Anthony van Dyck is one of the most celebrated and influential portraitists of all time. With his elegant manner and beguiling evocation of a sitter’s inner life, he was the favorite portrait painter of many of the most powerful and interesting figures of the seventeenth century. His sitters were poets, duchesses, painters, and generals — the social and artistic elite of his age — and his unparalleled achievement in portraiture marked a turning point in the history of European painting.
Born in Antwerp in 1599 to a family of patrician merchants, Van Dyck enrolled as an apprentice to the painter Hendrick van Balen in 1610, but Peter Paul Rubens, Flanders’s most acclaimed artist, would exert a far greater influence on his development. By his late teens, the young Van Dyck was already assisting Rubens on large-scale commissions. A brief sojourn in England in the winter of 1620, followed by a stay of roughly six years in Italy, cemented his emergence as a mature painter in his own right. In 1632, Van Dyck was appointed principal painter to Charles I of England. The portraits he produced over the following decade, before his premature death in London in 1641, are among his most admired.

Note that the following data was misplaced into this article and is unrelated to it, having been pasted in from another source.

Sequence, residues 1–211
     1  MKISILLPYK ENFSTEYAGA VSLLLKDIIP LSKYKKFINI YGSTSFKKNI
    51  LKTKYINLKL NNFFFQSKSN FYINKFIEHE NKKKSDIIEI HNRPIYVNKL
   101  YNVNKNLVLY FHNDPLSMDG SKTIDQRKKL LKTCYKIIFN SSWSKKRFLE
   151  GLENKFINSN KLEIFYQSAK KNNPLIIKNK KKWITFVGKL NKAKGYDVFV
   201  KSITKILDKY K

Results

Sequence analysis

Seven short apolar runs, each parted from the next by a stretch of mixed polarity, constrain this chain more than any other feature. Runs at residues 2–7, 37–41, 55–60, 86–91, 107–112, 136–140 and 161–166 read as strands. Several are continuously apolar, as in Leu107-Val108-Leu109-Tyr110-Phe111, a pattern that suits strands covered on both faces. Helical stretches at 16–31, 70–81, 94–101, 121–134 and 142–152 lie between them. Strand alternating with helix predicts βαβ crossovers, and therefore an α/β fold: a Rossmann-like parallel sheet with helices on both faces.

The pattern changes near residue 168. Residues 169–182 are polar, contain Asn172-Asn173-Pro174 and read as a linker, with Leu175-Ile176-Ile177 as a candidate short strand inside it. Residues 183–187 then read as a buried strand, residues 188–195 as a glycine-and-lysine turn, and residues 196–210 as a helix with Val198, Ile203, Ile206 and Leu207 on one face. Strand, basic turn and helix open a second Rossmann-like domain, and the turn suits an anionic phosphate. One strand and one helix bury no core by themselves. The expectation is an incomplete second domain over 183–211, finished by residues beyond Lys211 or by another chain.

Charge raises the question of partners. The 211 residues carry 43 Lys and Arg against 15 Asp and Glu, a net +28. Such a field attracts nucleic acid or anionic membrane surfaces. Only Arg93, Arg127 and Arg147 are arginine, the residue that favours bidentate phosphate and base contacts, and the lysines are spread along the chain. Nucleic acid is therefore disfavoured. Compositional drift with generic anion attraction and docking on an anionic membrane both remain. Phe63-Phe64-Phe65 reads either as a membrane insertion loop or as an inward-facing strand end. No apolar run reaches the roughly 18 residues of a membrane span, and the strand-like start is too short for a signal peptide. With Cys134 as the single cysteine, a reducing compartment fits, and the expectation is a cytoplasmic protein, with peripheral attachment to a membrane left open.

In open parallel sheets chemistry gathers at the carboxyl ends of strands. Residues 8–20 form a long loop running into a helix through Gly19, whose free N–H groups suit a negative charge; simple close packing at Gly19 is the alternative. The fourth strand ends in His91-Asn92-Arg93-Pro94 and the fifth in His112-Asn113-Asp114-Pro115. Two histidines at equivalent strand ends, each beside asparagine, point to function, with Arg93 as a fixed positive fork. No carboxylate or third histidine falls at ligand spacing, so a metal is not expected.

This is the most comprehensive exhibition ever organized on the artist’s activity as a portraitist. Arranged chronologically around the geographic chapters of Van Dyck’s career, the exhibition documents the artist’s development from an ambitious young apprentice into the most sought-after portrait painter in Europe. It also reveals the different kinds of preparatory work that Van Dyck might make, depending on the nature of the commission. Costumes and poses would require only rough studies, while the sitter’s face would be captured in more detail and from life directly on the canvas and brought to a higher finish at a later stage. But portrait prints called for highly finished preparatory drawings and oil studies that are some of Van Dyck’s most compelling works. The large, independent paintings are exhibited in the upstairs galleries, while drawings and oil sketches are on view on this floor. A separate installation in the first floor Cabinet explores the series of prints known as the Iconographie, which ensured the pan-European dissemination of Van Dyck’s portraits and influenced other artists into the twentieth century.
Anthony van Dyck (1599–1641), Self-Portrait, ca. 1620–21. Oil on canvas. The Metropolitan Museum of Art, New York